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Six Ways To Perform Economic Evaluation of Projects

A. Bhatia, B.E.

Course Outline

This 2-hour course discusses the money issues. The objective is that while engineers find it necessary to learn the basic accounting and business principles to communicate with accountants; few accountants are willing to learn the engineering details. The basic cost evaluation techniques presented in the course shall help engineers to 'think like MBAs and act like engineers'.

This course is designed to meet the continuing professional development needs of individuals for evaluating different alternatives of infrastructure projects. The concepts could be applied to any new, retrofitting, expansion and modification projects. It is intended for students, managers, engineers, architects, scientists, auditors, campaigners, academics, equipment manufacturers and designers.

This course includes a multiple-choice quiz at the end, which is designed to enhance the understanding of the course materials.

Learning Objective

At the conclusion of this course, the student will:

Course Introduction

Installed costs and capital offsets are important economic parameters for evaluation of proposed investment. The concept of money having a time value is fundamental to understanding any economic or financial analysis. Money has a time value since it can be invested at some particular interest rate and will grow over time.

The course provides basic fundamentals of cost evaluating that shall be useful in managing resource development and project management.

Course Content

The the course content is in a PDF file Six Ways To Perform Economic Evaluation of Projects. You need to open or download this document to study this course.

Course Summary

The course presents the basic understanding of the fundamental concepts and terminology used to calculate the cash flow alternatives. The procedure may be greatly simplified by the use of readily available software programs, but understanding of these concepts remains vital particularly for the individuals who have not had any previous experience in this area.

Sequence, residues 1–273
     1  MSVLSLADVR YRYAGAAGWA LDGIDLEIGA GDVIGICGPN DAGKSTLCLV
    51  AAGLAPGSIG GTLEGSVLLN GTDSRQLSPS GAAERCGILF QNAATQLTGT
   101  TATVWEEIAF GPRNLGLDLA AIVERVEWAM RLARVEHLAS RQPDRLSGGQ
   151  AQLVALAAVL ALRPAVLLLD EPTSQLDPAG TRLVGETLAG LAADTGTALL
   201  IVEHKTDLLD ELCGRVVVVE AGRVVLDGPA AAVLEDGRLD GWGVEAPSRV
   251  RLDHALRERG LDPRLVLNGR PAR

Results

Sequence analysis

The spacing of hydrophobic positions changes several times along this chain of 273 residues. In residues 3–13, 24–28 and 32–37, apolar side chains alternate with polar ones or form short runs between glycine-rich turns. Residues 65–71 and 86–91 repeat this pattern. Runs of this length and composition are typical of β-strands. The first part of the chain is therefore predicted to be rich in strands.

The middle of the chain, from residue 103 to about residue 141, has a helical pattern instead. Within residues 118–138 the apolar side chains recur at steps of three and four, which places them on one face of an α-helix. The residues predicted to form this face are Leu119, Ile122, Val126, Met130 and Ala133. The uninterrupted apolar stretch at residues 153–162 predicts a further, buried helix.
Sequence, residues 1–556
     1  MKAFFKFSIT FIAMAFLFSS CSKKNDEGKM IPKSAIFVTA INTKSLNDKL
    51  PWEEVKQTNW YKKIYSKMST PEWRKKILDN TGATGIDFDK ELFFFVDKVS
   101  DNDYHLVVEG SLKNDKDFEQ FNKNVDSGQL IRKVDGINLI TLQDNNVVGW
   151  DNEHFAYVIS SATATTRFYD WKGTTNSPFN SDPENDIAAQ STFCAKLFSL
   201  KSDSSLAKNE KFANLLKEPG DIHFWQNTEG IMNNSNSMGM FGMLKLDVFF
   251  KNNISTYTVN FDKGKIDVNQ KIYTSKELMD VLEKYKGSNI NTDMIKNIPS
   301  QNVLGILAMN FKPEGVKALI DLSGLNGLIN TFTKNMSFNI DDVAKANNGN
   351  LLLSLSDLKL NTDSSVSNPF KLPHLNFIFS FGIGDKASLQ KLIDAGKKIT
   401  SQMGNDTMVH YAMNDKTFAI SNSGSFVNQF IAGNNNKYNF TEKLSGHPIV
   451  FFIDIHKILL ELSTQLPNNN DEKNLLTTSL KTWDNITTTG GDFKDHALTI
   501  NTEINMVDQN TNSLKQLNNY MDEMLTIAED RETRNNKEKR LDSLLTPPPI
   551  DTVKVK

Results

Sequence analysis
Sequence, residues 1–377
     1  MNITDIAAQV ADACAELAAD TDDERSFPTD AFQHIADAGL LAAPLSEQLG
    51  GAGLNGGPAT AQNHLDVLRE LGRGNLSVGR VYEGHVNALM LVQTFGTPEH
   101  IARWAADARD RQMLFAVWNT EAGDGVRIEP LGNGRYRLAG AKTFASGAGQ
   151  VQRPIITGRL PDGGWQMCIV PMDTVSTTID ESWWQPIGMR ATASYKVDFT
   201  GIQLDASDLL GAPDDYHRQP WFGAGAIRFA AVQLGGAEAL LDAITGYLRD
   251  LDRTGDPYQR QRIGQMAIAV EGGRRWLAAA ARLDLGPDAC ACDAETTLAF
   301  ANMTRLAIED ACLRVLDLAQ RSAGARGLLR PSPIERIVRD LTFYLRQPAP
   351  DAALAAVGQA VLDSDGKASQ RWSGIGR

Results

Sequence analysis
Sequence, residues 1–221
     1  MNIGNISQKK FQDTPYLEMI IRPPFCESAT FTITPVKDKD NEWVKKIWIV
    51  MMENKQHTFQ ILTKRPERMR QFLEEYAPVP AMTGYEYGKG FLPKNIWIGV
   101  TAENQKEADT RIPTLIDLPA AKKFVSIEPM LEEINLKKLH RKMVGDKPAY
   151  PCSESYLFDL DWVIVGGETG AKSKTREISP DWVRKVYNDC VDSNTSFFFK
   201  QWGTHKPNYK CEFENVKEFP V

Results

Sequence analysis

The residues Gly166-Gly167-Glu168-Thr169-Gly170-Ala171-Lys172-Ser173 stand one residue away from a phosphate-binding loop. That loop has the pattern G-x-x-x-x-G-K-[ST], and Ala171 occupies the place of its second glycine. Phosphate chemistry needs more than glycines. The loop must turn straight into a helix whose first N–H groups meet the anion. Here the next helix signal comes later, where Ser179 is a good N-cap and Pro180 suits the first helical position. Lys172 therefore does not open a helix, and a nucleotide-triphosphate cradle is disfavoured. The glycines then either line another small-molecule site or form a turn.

Fundamentals of cost analysis cover 6 ways of computing the profitability. These are:

While the first two methods viz. the Payback and the ROI are not fully consistent with LCC approach in that they don't take into account all relevant values over the entire life period and discount them to a common time basis, these are simple, quick and convenient assessment of first level measure of profitability. These are good for the projects that do not involve major capital investments. The other 4 methods use discounting techniques to assess the present and future value of money and are recommended for the capital intensive projects.

In any case, which method to use is your judgment or the management's prerogative?

Related Reading

Life Cycle Assessment for Building Projects

HVAC system is a significant proportion of the overall building cost. Life cycle assessment (LCA) is a decision making process that is applied to large scale building projects for evaluating the appropriate selection. The LCA takes into account all capital costs, recurring operation & maintenance (O&M) expenses, replacement costs, energy, environment and the code issues for the life cycle of equipment. The overview of life cycle assessment (LCA) is presented in a course titled 'Life Cycle Assessment for Building Projects'. This is a generic 2-hour course recommended for engineering and financial planners.

Once you finish studying the above course content, you need to take a quiz to obtain the PDH credits.

Take a Quiz

DISCLAIMER: The materials contained in the online course are not intended as a representation or warranty on the part of or any other person/organization named herein. The materials are for general information only. They are not a substitute for competent professional advice. Application of this information to a specific project should be reviewed by a registered professional engineer. Anyone making use of the information set forth herein does so at their own risk and assumes any and all resulting liability arising therefrom.